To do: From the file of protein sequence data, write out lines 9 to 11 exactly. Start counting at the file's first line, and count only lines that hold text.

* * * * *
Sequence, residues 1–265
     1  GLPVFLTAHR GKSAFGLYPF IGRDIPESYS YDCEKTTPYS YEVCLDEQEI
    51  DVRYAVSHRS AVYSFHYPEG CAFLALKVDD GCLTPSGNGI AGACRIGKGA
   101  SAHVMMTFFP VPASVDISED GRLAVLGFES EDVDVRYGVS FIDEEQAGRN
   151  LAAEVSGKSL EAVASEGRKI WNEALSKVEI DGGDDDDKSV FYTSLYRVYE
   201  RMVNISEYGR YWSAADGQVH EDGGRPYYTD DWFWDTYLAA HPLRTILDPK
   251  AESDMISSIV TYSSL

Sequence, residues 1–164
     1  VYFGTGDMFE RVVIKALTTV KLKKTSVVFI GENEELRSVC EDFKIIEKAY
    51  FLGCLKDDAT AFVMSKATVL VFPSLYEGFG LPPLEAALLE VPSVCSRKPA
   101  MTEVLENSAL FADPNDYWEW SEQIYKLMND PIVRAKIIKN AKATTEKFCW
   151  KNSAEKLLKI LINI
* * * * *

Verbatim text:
     1  VYFGTGDMFE RVVIKALTTV KLKKTSVVFI GENEELRSVC EDFKIIEKAY
    51  FLGCLKDDAT AFVMSKATVL VFPSLYEGFG LPPLEAALLE VPSVCSRKPA
   101  MTEVLENSAL FADPNDYWEW SEQIYKLMND PIVRAKIIKN AKATTEKFCW